,000), 95 percent for class B-high
readiness (item military essentiality code 3,4, or 5),95
percent for class C-high variability (average quarterly
demand greater than 3 or unit of issue not equal to each
[EA]), and 95 percent for class D-all other.
Stock points will maintain a location survey of no
less than 98 percent each quarter.
The computation for gross monetary adjustment
(GMA) rate excludes SERVMART/manual ready
supply stores/shop stores and fuel. The gross
adjustment rate is expressed as the ratio of absolute
dollar value of gains plus losses to the value of line items
inventoried plus in-house receipt losses. The gross
adjustment rate should not exceed 3 percent per quarter.
The location reconciliation between the NAVICP
and stock points will be maintained at no less than 97
percent accuracy rate.
The financial adjustments (gains and losses) to
SERVMART must not exceed one percent of the dollar
value of sales that have transpired since the last
The net total of the adjustment gains and losses for
shop stores/manual ready supply stores are computed
by cognizance (COG) symbol. The adjustments for
each Navy Stock Account (NSA) and Appropriation
Purchase Account (APA) COG should not exceed one
percent of dollar value throughput (receipts and issues).
When the adjustment goal is exceeded, the stock point
must provide an explanation for adjustments. Refer to
NAVCOMPT Manual, Volume VIII, Financial
Inventory Accounting, Reporting, and Billing for
Gains and losses of bulk petroleum products must
not exceed the standards provided by DOD Manual
4140.25-M and OPNAVINST 4020.25. All monthly
loss adjustments greater than established standards
require survey action.
Retention of Records
It is necessary to keep records of inventories and
actions directly affecting inventories such as location
surveys, warehouse refusals, receipts, and so forth, to
provide an audit trail. These records help in conducting
research and in preparing required reports.
Stock points must retain records as follows:
l Retain records pertaining to physical inventory
such as the inventory counts, adjustments, schedules,
and so forth for a minimum of one year. For sensitive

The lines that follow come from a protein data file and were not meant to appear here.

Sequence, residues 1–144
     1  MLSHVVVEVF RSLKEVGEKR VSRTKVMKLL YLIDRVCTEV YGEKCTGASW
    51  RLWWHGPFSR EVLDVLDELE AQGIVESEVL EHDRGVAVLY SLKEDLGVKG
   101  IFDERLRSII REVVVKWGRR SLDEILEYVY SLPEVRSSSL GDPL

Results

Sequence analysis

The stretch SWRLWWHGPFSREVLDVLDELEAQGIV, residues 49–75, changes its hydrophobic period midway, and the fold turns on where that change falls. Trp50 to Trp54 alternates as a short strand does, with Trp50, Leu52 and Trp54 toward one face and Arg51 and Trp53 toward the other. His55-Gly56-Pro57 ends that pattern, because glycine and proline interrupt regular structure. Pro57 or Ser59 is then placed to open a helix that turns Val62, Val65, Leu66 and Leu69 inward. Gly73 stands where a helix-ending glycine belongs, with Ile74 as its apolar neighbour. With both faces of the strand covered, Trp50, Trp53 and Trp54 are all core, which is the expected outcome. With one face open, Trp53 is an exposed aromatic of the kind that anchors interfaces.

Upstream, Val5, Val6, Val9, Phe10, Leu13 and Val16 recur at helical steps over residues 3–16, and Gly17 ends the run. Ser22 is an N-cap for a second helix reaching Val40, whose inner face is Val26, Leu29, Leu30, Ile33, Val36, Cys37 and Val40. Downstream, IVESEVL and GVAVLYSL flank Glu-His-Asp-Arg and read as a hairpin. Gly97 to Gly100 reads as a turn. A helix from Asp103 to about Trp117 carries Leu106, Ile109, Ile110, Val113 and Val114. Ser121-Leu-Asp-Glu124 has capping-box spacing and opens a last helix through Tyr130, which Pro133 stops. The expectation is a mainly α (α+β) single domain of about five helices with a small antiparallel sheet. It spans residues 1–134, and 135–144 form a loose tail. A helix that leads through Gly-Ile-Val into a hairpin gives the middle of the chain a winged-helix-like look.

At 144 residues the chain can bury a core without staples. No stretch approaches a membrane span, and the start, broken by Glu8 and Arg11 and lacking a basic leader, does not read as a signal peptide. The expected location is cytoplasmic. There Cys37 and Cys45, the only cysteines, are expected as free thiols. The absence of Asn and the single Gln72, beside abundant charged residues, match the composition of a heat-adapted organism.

items, arms, ammunitions, and explosives, retain for 1
year if there is no adjustments or 2 years if adjustments
. Retain transaction ledgers and causative
research packages for two years.
. Retain the location survey listings and
unmatched and manually prepared location survey
cards for one year. STATLOC activities are required to
retain only the listings and reports applicable to errors
that have been corrected.
l Retain source documents of receipts and issues
for one year. Foreign military sale (FMS) issues are
retained for 2 years.
. Retain reports of discrepancy (ROD), MLSRs,
and surveys (Financial liability investigation of
property loss, DD Form 200) for 2 years.
l Retain location reconciliation listings, cards, and
other records pertaining to location reconciliations for 1
. Retain physical inventory, location survey, and
location reconciliation reports for 2 years.
The procedures of inventory management afloat are
basically the same as the procedures ashore. They
require an accurate allowance list, stock records,
transaction processing, and a system of adjusting stock
record balances with actual physical quantities of
material on hand. In addition, establish a method to
record and evaluate material usage data so that future
requirements can be anticipated. The main objective of
supply inventory managers and supervisors afloat is to
make sure there is a balance between material
requirements and assets on hand to support the ships
Effective material management procedures afloat
require personal involvement by supply managers and
supervisors in all supply functions. Supervision and
training are vital to the supply departments ability to
support the assigned operating departments and
deployed units. Properly performed tasks, along with
keen supervision often results in an effective material
management program. Some of these supply tasks are
allowance list maintenance, issue control processing,